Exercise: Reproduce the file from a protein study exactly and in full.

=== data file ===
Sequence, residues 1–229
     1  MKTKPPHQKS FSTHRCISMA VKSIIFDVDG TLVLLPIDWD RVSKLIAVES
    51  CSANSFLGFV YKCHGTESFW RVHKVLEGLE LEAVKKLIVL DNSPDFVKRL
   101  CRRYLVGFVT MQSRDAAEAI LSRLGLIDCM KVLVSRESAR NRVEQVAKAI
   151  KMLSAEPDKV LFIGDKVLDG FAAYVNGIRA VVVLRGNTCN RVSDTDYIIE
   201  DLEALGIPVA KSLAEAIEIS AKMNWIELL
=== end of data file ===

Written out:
Sequence, residues 1–229
     1  MKTKPPHQKS FSTHRCISMA VKSIIFDVDG TLVLLPIDWD RVSKLIAVES
    51  CSANSFLGFV YKCHGTESFW RVHKVLEGLE LEAVKKLIVL DNSPDFVKRL
   101  CRRYLVGFVT MQSRDAAEAI LSRLGLIDCM KVLVSRESAR NRVEQVAKAI
   151  KMLSAEPDKV LFIGDKVLDG FAAYVNGIRA VVVLRGNTCN RVSDTDYIIE
   201  DLEALGIPVA KSLAEAIEIS AKMNWIELL